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Kevin Durant vs. LeBron James Show begins Thursday in Oklahoma City

The warm-up act is over. Time for the main event. And the curtain opens at Chesapeake Energy Arena.
by Berry Tramel Published: February 16, 2014

The warm-up act is over. Time for the main event. And the curtain opens in Oklahoma City.

Kevin Durant vs. LeBron James. Thunder vs. Heat. Hunters vs. Hunted. And it lands in our lap Thursday night with the NBA's latest great individual rivalry.

LeBron/Carmelo. LeBron/Kobe. Michael Jordan/take your pick (Clyde Drexler, Dominique Wilkins, Isiah Thomas). All have tried and failed to match the great Magic/Bird or Wilt/Russell rivalries of yesteryear.

Now Durant/LeBron takes its swing. And the latest installment is at Chesapeake Arena, with TNT ready to give America what it wanted in the All-Star Game but had no hope of getting: a Durant/LeBron referendum.

The All-Star Game, which annually provides all the entertainment value of trampoline dunkers, is in the rearview mirror. Which is the best place for it.

Now we can hone in on real basketball. The NBA's stretch run. The playoffs. The Finals. The victory parade on Biscayne Boulevard or along the San Antonio Riverwalk or, be still our heart, the Bricktown Canal.

The All-Star Game provided a good stage to talk about the rivalry between the planet's two best players.

But LeBron wanted no part of such a script. He's a wise man. In the same way that LeBron avoids the all-star dunk contest because he's got everything to lose and nothing to gain, LeBron let the all-star plot wither. He'll save the drama for when whistles blow and defense matters.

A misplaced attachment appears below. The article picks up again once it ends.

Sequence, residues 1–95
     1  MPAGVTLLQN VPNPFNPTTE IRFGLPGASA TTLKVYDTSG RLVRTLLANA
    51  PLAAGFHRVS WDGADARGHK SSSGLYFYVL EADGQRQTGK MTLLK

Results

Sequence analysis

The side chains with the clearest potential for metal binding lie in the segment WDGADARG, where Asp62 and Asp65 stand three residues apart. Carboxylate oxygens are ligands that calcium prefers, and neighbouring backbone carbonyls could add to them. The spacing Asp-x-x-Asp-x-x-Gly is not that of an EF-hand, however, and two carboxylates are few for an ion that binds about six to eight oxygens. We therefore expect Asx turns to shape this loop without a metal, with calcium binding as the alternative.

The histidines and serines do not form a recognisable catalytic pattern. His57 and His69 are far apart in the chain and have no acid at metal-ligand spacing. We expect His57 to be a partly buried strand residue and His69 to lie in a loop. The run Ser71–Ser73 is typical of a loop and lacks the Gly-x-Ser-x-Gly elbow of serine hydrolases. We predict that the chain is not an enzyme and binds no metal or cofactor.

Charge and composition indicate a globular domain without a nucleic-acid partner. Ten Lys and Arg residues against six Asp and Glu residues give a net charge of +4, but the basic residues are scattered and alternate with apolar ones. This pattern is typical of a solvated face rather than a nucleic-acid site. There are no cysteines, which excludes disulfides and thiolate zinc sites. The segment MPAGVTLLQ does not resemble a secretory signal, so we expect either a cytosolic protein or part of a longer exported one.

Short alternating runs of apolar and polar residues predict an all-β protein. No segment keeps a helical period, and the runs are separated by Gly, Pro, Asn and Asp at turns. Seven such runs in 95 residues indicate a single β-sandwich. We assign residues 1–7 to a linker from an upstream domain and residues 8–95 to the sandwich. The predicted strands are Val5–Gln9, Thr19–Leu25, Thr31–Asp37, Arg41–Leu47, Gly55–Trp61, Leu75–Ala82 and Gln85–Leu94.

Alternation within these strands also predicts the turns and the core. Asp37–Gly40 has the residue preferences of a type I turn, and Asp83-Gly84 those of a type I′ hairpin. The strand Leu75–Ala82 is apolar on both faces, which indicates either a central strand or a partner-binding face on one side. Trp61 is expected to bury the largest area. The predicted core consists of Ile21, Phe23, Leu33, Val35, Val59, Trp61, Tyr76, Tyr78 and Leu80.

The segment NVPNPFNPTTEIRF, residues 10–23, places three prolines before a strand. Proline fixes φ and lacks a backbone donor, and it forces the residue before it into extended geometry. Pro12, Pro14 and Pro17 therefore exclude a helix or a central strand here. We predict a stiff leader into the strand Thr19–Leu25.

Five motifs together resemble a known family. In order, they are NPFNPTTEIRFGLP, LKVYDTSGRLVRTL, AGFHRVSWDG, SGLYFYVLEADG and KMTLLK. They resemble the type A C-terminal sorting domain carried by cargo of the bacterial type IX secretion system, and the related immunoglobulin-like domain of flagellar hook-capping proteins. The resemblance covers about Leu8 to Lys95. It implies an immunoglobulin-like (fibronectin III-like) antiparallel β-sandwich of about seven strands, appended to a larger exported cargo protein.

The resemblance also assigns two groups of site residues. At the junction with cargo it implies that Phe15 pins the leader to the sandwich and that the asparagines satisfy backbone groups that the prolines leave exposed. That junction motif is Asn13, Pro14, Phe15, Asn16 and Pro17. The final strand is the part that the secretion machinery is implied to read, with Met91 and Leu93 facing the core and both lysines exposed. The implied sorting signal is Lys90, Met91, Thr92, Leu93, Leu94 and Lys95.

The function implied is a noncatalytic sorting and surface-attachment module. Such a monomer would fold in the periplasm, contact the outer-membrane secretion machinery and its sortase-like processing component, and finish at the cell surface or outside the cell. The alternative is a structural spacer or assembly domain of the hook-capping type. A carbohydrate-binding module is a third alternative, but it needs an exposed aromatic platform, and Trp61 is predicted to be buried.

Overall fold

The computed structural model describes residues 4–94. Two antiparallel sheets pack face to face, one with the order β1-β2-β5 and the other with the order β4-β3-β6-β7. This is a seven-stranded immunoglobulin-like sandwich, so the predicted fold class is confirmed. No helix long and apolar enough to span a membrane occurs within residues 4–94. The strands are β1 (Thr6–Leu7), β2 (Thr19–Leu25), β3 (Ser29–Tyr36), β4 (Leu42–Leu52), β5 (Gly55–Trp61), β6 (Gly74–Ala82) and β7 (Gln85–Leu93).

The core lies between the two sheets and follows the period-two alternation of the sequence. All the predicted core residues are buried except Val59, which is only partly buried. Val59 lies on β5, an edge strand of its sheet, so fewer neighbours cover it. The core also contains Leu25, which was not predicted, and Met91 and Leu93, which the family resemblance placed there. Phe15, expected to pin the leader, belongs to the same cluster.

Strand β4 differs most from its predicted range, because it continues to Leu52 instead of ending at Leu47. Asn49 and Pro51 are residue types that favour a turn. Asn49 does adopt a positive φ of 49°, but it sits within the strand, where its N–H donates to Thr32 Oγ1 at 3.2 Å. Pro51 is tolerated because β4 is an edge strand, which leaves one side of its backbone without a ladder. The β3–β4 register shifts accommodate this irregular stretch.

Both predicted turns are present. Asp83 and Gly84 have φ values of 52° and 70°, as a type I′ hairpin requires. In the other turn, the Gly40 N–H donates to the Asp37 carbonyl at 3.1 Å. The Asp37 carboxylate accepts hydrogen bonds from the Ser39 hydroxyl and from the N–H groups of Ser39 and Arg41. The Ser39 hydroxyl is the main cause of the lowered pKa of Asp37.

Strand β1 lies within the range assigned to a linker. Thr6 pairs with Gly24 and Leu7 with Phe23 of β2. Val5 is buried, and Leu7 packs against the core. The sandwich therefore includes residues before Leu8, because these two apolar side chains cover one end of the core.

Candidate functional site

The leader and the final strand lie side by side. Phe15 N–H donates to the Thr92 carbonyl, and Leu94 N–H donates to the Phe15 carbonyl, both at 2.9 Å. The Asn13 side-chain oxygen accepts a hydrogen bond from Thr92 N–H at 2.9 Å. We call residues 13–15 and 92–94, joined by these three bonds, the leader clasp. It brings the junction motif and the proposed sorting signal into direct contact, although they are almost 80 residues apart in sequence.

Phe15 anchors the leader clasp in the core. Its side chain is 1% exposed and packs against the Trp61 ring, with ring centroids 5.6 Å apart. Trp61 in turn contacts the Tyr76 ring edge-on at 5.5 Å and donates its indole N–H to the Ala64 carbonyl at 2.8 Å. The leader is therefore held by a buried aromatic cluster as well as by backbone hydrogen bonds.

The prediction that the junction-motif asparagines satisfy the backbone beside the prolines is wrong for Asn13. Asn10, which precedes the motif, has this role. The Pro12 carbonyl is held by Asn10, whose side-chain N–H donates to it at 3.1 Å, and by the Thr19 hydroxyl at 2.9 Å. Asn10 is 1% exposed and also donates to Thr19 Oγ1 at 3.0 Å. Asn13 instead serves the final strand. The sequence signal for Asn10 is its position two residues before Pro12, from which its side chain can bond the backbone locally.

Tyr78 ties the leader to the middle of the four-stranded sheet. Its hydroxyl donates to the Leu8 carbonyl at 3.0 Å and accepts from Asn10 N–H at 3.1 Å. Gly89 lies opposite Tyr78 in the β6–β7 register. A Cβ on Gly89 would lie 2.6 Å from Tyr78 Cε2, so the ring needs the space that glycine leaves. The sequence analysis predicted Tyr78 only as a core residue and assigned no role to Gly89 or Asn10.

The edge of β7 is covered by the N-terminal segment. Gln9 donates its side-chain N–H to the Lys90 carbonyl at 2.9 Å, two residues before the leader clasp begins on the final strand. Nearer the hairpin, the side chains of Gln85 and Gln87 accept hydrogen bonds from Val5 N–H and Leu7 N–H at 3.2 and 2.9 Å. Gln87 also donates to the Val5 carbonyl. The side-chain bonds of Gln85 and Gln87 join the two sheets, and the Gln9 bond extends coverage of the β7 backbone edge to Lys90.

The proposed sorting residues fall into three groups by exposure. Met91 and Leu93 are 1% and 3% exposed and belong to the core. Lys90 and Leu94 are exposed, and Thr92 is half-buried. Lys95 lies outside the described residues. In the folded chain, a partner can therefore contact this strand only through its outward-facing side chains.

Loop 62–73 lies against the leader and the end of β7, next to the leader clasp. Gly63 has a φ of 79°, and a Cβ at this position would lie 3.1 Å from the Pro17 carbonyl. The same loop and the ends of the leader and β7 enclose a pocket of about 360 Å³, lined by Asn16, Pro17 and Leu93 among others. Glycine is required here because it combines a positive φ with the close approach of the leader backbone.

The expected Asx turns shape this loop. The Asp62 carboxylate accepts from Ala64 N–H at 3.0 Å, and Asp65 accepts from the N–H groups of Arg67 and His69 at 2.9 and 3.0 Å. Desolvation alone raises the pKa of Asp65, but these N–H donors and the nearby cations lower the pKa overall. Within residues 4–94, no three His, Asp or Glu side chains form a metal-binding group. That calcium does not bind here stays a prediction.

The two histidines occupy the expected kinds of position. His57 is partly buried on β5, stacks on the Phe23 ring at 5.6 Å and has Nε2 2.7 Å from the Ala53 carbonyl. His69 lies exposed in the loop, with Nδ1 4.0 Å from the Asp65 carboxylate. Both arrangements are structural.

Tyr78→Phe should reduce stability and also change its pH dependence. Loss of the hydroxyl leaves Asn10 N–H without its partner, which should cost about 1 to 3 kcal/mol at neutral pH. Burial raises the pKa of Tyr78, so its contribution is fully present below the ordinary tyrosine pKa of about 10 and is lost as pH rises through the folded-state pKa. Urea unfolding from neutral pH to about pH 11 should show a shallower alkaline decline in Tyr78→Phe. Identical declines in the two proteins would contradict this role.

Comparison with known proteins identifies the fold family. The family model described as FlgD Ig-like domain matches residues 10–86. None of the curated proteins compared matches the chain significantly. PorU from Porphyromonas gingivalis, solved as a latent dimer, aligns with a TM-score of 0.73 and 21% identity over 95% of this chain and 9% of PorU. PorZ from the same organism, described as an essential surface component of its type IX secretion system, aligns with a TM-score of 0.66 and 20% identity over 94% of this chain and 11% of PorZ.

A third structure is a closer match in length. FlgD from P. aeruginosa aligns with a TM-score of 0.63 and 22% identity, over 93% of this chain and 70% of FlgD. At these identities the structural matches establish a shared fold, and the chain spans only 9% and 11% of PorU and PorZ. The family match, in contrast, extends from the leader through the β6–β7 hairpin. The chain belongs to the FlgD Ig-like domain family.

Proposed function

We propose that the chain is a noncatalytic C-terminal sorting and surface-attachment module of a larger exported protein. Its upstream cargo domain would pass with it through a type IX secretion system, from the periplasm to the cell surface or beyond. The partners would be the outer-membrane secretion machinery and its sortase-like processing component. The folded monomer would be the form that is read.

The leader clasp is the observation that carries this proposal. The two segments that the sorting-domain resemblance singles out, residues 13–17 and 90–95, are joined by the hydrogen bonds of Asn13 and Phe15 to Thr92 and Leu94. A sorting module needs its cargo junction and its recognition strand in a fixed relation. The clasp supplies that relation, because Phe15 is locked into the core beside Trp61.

Durant seemed willing to tango — even said so Friday during all-star interviews, hinting that a few mano-mano minutes in New Orleans wouldn't hurt anybody — and didn't completely lose the hard edge even when LeBron declined to participate.

Durant even barked at the refs a time or two in the first half Sunday night, when otherwise seldom was heard a discouraging word. And Durant seemed more intent on an all-star statement, though both superstars took 14 first-half shots.

Durant finished with monster numbers (38 points on 14-of-27 shooting, 10 rebounds and six assists). LeBron had 22 points on 11-of-22 shooting, seven rebounds and seven assists. LeBron never showed interest in being drawn into a duel.

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by Berry Tramel
Berry Tramel, a lifelong Oklahoman, sports fan and newspaper reader, joined The Oklahoman in 1991 and has served as beat writer, assistant sports editor, sports editor and columnist. Tramel grew up reading four daily newspapers — The Oklahoman,...
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